How To Avoid Empathy Burnout

November 29, 2019

It seems there could never be enough empathy and compassion in our world, but we are starting to discover that our capacity to share the emotions of others and take their perspective comes with a bit of a sting if we’re not careful.

If we get caught up on the misfortunes of others without understanding life’s processes, it can make us angry and unhappy. So where do we draw the line between tuning into empathy and tuning out perceived resolutions that will leave everybody empowered?

Fortunately, work on locating the root of empathy in the brain has also led to the discovery that with the right training, we might be able to tune how much we let others’ emotions affect us. This could allow us the best of both worlds – to care, without letting it consume us.

While culture might be socializing people into becoming more individualistic rather than empathic, research has uncovered the existence of “mirror neurons,” which react to emotions expressed by others and then reproduce them.

Understanding how others are feeling is a bonding mechanism that we are finding in an increasing number of animals. In humans, primatologist Frans de Waal of Emory University in Atlanta, Georgia, has suggested that being affected by another’s emotional state was the earliest step in our evolution as a collaborative species.

The very nature of being empathetic, involves looking past one’s own perspective in any given situation and understanding as best as possible the needs and experiences of another person. People who are empathetic tend to be more purpose driven and they intentionally succeed in their academics not because they are looking to make good grades, but in most subjects their goal is to understand the subject material and to utilize the knowledge as one of their ever increasing tools.

But the pitfalls of empathy will be apparent to anyone who has been in a room full of babies. If one starts crying, pretty soon, they’re all at it. Babies don’t understand the difference between their own emotions and those being felt by others, and so what one feels, they all feel.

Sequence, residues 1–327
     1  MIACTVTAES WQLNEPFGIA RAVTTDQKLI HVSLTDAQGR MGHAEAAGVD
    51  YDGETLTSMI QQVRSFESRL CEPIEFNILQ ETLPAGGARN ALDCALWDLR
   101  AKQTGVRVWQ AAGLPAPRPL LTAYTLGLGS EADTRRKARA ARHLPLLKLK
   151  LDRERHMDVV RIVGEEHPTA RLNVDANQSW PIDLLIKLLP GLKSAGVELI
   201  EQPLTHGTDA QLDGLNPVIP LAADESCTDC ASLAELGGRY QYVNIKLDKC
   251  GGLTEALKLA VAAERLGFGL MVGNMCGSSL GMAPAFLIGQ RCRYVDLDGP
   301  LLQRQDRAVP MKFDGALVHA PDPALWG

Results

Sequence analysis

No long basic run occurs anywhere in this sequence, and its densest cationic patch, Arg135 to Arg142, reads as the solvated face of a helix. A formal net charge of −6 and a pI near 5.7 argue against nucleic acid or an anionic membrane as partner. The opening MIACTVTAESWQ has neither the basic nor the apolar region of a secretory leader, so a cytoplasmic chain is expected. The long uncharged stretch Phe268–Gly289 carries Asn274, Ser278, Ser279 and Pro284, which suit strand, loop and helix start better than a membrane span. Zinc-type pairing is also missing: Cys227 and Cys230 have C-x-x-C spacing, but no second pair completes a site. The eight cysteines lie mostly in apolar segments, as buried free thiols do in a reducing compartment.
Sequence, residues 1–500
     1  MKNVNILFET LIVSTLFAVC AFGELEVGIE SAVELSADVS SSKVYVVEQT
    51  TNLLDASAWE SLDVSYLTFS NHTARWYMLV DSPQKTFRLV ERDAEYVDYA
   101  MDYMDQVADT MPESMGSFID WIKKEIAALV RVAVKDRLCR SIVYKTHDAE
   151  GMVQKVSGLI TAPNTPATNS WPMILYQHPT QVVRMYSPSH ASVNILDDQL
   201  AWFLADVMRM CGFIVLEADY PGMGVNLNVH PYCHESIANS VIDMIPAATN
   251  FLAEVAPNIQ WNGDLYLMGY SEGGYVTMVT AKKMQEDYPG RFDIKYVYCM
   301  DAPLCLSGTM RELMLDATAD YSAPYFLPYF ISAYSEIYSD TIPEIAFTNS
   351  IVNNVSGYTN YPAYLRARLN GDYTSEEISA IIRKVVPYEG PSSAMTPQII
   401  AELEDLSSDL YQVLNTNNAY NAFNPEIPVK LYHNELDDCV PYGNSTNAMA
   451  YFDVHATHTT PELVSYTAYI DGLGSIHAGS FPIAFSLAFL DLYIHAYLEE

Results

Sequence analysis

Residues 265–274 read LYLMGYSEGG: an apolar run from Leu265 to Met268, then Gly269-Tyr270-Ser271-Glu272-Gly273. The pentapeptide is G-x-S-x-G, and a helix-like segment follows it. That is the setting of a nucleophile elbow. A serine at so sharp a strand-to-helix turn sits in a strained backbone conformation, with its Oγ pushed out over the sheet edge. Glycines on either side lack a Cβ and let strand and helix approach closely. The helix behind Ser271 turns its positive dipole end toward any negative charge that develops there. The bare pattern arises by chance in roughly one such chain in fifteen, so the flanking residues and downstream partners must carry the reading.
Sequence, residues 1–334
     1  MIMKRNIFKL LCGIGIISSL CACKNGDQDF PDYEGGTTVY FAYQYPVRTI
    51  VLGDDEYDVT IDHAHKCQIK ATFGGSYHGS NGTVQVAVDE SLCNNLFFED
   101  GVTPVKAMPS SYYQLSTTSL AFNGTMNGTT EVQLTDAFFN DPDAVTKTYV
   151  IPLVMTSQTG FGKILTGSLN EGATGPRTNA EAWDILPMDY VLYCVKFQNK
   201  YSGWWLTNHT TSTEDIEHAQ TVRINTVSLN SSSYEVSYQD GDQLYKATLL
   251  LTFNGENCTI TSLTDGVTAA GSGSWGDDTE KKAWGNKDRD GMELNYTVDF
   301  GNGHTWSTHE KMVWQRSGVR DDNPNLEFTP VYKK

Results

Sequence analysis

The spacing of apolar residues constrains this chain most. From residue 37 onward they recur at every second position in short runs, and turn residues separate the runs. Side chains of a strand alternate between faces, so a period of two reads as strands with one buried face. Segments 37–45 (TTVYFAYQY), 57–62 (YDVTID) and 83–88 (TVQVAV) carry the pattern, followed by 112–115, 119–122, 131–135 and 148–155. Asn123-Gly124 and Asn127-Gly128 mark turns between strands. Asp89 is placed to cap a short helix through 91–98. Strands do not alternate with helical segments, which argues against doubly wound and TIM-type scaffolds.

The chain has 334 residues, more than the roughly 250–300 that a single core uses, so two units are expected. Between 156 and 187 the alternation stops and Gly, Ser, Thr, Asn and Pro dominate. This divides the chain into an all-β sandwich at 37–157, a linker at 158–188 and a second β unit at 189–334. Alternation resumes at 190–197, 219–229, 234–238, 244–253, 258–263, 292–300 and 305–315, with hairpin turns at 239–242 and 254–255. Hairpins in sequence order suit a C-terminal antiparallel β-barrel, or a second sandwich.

Negative and positive emotions alike spread like a virus. As our sense of self develops, we learn to distinguish other people’s emotions from our own, although a variety of experiments, most recently studying our behaviour in online social networks, indicate we are not entirely free of the risk of emotional contagion.

Many studies have confirmed that this “empathy for pain” network exists, and that it doesn’t distinguish whether the pain you’re observing is physical or psychological. “The basic principle is the same,” says Tania Singer, who is now at the Max Planck Institute for Human Cognitive and Brain Sciences in Leipzig, Germany.

What’s more, over the past few years it has become apparent that we don’t just catch pain from those we are intimate with. The first hints came from people in care-giving professions who often see the stress and pain of others, such as hospice staff, nurses, psychotherapists and paediatricians.

Since the early 1990s, a kind of empathy burnout has increasingly been documented – given names including “secondary traumatic stress” and “vicarious traumatisation”. Symptoms include lowered ability to feel empathy and sympathy, increased anger and anxiety, and more absenteeism. Various studies link these symptoms with an indifferent attitude to patients, depersonalisation and poorer care.

It’s perhaps unsurprising that empathy burnout can affect people frequently surrounded by other people’s pain, especially in hospice staff. If you’re looking for someone to empathize with your pain, talk to a woman in her 50s. Although most brains are hard-wired for empathy, the over-50 female crowd are able to express it more than others. There lies a subgroup of the population who also begin to experience empathic distress more than others.

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